There are several things you can try at home that might help resolve that annoying smell. However, if you’re concerned or feel unwell, go see your doctor.
Avoid using any douching product or anything with dyes or a strong fragrance. Instead, when you shower or take a bath, use just a gentle soap and water to clean the area. (Avoid harsh soaps, putting anything in your vagina, or using any products with a scent.) When you are done, gently pat dry.
Some foods may cause a fishy or other vaginal odor. They include asparagus, broccoli, certain spices like garlic, onions, and some types of fish. If you are concerned, you can avoid these foods. But they are all considered healthy in moderation, so you don’t need to cut them out of your diet completely.
A probiotic may be helpful for restoring bacterial balance in your gut and vagina. If you’re interested in trying a probiotic, look for one at your local pharmacy or ask your doctor which probiotic would be most beneficial for you.
Change Your Routine
Excessive sweating may be the cause of your fishy odor. If you are concerned about sweating, talk to your doctor. Make sure you are cleaning your vulva well after working out using a gentle soap and water, and patting dry after.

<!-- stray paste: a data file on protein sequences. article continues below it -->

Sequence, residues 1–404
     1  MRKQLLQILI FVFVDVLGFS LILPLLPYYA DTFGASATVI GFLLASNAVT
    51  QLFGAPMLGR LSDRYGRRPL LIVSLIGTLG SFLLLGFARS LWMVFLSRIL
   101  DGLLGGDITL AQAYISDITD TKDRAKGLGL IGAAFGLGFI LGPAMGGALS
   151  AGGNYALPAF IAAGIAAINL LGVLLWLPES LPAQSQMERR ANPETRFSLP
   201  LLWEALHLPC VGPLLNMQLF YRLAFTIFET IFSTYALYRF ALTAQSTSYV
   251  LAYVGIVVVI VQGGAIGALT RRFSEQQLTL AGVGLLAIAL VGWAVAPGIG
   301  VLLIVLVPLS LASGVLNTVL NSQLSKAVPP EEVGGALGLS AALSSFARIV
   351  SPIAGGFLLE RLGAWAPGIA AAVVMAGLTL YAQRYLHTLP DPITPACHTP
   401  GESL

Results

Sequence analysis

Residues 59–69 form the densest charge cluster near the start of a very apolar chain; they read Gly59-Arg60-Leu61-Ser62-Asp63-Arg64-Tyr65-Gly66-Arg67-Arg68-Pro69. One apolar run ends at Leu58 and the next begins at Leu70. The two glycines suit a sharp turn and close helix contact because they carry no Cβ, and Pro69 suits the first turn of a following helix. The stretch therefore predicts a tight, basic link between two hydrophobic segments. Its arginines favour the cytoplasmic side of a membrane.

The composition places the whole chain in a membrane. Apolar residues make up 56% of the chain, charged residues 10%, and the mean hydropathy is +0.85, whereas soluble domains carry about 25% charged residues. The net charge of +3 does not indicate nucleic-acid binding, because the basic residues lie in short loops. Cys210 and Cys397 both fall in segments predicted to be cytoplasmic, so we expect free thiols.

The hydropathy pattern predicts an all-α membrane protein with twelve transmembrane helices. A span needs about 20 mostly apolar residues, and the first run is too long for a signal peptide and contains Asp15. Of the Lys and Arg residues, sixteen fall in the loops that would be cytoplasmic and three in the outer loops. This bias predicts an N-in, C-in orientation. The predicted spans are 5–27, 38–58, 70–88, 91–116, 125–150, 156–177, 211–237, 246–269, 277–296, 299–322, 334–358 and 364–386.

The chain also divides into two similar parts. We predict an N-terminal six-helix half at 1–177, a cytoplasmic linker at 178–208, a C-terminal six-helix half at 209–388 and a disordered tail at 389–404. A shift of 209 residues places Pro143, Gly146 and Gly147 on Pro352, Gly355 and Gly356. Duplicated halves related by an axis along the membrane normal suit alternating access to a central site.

Things to Avoid to Prevent That Smell
Some products or activities may worsen an infection, create discharge, or cause a fishy smell. Avoiding the following may help stop or prevent the smell:
- harsh soaps
- tight underwear
- non-latex condoms
- The takeaway
Your vaginal smell can vary throughout your monthly cycle. Sometimes sweat or your period can cause a fishy smell isn’t cause for alarm. Avoid douching and wash your vulva with soap and water and pat dry.
If you have other symptoms like itching, redness, or burning, or the smell doesn’t go away after a few days, see your doctor. They can prescribe medication or antibiotics, if needed.